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Re: OT: Adobe raising our costs by 600%

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Chris Kenny
Re: OT: Adobe raising our costs by 600%
on Mar 2, 2013 at 7:38:42 am

[Chris Jacek] "I don't argue the "eureka moment" premise, for someone who is fully engrained in post and likes to play with toys. But even as one of those people, I'm unlikely to pay the Mac tax just on the chance of that eureka moment happening for me. I got my first Windows machine in 20 years last summer, and can honestly say that the transition hasn't been bad at all. As a loyal Mac apologist for those 20 years, I always felt that the extra money you paid for a Mac was worth it. I cannot say that I believe that any more. "

For what it's worth, I've had exactly the opposite experience. We built a Windows machine primarily as a Resolve grading system given last year's lack of a (real) Mac Pro update. I figured hey, I'm a Mac guy, but this system is going to pretty much run one app. How much difference can the OS make?

A lot, as it turns out. A few annoyances, some of which we anticipated, some of which we didn't:

- Explorer just isn't as 'rich' as the Finder is — you can't have it calculate folder sizes in list view (just when hovering over a folder), there's no column view, there's no QuickLook, its search features aren't as nice.

- Working with QuickTime media is frustrating — codec support is incomplete (no ProRes encoding, no XDCAM decoding, etc.), performance isn't great. I guess this is in some sense Apple's fault rather than Microsoft's, but either way it does make Windows worse for our use cases.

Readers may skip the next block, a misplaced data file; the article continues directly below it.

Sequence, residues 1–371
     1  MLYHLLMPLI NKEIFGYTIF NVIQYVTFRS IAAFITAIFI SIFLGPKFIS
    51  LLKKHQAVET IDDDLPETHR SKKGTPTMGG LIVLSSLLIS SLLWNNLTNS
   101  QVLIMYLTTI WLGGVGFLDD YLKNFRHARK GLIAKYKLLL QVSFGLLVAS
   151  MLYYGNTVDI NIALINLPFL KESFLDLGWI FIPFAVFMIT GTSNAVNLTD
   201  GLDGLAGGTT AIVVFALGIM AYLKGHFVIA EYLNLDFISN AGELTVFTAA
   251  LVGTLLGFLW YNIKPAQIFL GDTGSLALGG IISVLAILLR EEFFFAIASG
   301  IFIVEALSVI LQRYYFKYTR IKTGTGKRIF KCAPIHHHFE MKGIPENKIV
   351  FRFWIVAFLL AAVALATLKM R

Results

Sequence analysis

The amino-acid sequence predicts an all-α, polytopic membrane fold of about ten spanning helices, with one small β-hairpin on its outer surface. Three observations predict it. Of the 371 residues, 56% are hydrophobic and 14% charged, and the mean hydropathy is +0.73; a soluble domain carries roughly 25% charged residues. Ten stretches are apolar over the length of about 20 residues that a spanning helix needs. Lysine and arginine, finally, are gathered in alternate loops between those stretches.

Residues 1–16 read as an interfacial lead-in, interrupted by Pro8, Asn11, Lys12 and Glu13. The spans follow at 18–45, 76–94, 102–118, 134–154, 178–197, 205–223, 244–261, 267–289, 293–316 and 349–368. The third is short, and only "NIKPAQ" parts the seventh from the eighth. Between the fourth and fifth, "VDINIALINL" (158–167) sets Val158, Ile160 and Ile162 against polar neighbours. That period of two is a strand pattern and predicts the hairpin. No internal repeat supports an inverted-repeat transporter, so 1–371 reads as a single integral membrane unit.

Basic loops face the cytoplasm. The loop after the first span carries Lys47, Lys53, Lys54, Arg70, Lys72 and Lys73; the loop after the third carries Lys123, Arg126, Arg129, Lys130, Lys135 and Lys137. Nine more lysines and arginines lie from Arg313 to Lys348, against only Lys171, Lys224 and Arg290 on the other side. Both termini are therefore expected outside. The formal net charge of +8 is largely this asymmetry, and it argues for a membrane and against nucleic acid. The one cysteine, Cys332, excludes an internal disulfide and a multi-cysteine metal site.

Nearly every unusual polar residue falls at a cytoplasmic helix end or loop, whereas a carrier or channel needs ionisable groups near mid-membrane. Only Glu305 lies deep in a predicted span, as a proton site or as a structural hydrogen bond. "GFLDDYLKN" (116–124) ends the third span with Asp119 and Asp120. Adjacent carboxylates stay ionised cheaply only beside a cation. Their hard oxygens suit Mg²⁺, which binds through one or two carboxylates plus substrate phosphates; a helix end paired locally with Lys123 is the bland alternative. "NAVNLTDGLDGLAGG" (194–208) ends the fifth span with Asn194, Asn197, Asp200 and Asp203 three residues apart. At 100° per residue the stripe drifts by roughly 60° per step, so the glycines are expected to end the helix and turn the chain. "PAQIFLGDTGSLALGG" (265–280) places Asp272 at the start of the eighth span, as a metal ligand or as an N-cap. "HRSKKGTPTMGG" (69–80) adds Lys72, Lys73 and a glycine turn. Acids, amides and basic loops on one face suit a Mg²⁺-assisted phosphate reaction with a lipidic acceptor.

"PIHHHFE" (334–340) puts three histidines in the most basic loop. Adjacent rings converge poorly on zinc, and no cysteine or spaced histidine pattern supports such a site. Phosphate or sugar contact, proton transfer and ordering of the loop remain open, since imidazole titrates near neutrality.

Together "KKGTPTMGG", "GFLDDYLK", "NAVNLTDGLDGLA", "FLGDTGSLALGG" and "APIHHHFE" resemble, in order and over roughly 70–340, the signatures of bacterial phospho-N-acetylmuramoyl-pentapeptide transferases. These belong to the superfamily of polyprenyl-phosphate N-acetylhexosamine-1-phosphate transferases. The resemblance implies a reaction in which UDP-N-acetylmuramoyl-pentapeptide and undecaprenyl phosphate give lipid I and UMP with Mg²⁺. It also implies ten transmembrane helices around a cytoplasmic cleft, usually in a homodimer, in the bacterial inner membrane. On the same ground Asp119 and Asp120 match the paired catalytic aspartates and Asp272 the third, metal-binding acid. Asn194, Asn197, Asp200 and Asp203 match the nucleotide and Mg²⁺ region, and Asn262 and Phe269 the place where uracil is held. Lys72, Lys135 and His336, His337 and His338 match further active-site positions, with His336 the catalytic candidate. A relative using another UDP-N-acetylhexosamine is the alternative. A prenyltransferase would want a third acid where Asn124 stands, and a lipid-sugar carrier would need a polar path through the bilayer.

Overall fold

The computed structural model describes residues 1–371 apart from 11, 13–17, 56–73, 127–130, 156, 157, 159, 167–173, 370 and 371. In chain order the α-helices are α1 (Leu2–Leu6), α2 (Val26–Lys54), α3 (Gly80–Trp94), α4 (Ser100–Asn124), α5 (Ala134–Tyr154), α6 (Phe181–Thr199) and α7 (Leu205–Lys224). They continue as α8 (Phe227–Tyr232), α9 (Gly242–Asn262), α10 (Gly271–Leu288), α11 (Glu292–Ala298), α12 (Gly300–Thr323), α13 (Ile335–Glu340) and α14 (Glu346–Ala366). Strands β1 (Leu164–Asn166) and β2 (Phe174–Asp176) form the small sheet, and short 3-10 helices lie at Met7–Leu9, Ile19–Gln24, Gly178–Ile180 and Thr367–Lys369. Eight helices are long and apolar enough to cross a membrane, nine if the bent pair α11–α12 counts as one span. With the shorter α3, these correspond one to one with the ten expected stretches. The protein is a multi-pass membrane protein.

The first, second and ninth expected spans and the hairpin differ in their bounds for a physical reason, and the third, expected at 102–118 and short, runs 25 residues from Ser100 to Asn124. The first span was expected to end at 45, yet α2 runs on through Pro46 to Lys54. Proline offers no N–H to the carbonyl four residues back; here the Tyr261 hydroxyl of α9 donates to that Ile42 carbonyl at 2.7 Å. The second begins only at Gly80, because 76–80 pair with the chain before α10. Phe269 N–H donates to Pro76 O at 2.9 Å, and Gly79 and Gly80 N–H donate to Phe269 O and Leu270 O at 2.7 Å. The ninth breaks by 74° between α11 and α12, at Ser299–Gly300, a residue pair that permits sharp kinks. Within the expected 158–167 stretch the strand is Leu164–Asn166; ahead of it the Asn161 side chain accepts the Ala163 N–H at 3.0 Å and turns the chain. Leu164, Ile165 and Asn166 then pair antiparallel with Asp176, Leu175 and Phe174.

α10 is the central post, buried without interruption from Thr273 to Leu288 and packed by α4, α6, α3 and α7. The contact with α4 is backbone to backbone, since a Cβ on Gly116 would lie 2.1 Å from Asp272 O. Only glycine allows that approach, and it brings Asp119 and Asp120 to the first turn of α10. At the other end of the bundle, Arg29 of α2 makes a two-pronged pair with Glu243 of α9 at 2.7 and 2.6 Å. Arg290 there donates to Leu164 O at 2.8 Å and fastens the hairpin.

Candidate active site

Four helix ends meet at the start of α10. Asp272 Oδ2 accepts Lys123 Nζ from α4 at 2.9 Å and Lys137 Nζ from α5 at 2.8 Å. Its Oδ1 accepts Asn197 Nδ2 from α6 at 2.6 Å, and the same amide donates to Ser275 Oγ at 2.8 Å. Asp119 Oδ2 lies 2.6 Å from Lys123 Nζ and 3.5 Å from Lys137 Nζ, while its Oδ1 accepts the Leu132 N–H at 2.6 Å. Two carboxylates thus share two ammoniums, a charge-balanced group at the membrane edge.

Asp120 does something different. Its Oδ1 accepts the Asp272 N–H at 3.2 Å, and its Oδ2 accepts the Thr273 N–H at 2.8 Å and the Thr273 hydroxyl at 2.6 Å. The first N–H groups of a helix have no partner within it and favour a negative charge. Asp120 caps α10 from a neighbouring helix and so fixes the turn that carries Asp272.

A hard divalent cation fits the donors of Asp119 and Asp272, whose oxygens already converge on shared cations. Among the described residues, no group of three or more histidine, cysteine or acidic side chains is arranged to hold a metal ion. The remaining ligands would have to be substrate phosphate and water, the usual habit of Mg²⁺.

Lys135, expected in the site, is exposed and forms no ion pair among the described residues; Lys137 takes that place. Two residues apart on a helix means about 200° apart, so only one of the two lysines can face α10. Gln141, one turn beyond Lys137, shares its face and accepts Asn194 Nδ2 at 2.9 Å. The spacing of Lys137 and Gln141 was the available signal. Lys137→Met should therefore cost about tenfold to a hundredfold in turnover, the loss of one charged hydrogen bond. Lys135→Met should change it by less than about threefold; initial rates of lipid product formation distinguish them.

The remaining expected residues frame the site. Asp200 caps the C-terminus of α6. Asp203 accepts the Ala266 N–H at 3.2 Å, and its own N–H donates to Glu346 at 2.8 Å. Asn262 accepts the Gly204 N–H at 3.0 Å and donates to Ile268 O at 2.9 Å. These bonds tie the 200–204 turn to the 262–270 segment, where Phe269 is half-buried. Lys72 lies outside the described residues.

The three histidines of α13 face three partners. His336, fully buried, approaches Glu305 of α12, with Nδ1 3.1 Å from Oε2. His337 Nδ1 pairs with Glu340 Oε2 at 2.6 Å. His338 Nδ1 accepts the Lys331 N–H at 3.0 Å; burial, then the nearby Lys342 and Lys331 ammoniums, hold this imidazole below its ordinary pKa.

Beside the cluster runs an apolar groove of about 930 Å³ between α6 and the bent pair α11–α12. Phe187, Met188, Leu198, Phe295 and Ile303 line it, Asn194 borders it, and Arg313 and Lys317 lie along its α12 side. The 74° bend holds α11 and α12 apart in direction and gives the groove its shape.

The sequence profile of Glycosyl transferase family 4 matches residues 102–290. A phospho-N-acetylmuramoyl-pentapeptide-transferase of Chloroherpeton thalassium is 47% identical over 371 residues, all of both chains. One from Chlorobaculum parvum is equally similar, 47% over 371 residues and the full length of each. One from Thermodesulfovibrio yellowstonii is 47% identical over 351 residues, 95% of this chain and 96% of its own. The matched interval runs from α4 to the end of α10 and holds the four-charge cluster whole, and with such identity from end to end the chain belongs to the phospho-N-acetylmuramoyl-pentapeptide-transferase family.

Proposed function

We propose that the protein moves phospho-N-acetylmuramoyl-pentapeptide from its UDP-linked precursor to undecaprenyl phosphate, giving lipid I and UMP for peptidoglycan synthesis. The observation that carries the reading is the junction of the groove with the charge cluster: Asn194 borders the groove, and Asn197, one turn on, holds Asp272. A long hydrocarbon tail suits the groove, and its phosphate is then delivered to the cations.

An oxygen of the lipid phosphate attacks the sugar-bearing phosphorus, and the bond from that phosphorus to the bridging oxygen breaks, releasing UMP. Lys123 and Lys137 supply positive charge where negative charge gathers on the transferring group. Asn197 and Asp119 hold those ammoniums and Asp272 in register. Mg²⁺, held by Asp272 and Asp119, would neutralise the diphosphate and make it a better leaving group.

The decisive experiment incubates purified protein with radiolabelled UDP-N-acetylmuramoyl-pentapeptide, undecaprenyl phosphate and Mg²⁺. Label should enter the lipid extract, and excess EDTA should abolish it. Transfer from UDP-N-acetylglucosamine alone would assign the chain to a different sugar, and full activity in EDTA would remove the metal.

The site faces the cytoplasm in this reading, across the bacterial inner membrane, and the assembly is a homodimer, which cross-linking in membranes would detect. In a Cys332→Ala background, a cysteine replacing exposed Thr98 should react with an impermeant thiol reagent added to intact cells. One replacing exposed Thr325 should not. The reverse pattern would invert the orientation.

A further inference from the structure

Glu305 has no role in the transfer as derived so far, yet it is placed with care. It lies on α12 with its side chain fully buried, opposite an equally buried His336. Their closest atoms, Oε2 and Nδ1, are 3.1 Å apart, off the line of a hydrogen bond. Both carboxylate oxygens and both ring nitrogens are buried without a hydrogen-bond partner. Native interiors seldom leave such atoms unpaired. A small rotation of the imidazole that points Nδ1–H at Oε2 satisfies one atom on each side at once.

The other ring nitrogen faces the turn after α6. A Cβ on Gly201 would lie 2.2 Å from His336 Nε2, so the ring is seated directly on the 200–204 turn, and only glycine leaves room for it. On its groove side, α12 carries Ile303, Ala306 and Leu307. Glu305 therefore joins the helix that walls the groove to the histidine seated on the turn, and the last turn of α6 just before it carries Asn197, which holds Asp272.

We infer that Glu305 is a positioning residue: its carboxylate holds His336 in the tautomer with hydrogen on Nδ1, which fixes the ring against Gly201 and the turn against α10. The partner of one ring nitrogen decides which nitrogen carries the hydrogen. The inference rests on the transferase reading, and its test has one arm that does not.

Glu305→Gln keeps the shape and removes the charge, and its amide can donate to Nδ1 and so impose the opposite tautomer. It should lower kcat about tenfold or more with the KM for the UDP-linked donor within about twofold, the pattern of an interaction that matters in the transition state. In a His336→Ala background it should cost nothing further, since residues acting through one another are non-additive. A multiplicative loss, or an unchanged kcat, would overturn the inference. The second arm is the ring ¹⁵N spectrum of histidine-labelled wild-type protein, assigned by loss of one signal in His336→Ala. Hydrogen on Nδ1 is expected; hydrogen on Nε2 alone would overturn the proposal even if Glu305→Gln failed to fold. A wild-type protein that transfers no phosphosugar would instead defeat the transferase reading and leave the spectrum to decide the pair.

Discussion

- The whole way Windows deals with drive letters and file paths ends up requiring us to either manually assign mount points for every drive we use with the system (like a six step process that's not easy to explain to interns), or constantly relink things when drive letters for external drives decide to change of their own volition.

- Virtually every client drive that passes through our hands is Mac formatted. We use MacDrive to work with these drives in Windows, and it's pretty good, but just not quite as solid as we'd like, honestly.

- Ejecting drives is also weird. Windows is back where OS X was with this prior to 10.6, where often drives would claim to be in use, and the system wouldn't tell you what process was using the drive or let you force eject it. Additionally, depending on what controller they're attached to (and there are a couple on the motherboard, plus we've got an SAS controller installed), Windows may decide a drive is internal (even if it's not) and not offer to let you eject it at all. I'm told there's some registry hack to fix this; I haven't tried that yet.

- Boot times are considerably worse than for any modern Mac, despite an SSD boot drive. Pretty painful if the system acts up and you have to reboot in a client-supervised session. Or (see previous point) if you have to reboot just to safely remove a drive.

- Windows just seems to be a little quirky with hardware support. The system sometimes, entirely at random, takes 15 extra seconds to notice the keyboard and mouse when it's booted. Sometimes USB 2.0 devices don't quite want to work when plugged into USB 3.0 ports, despite the fact that those should be 100% compatible. It took probably 30 hours of my time to really get the system up and running the way it should (all the right drivers installed, the right PCIe slot arrangements, everything properly updated), significantly longer than equivalent tasks have ever taken me on a Mac.

So... the system is fast, it was damned inexpensive by a Mac user's standards, and it does fundamentally perform the tasks it was 'hired' for. But we will immediately buy any new Mac Pro, or any plausible replacement Apple comes up with for it. It will easily be worth the extra expense to make these issues go away.

--
Digital Workflow/Colorist, Nice Dissolve.

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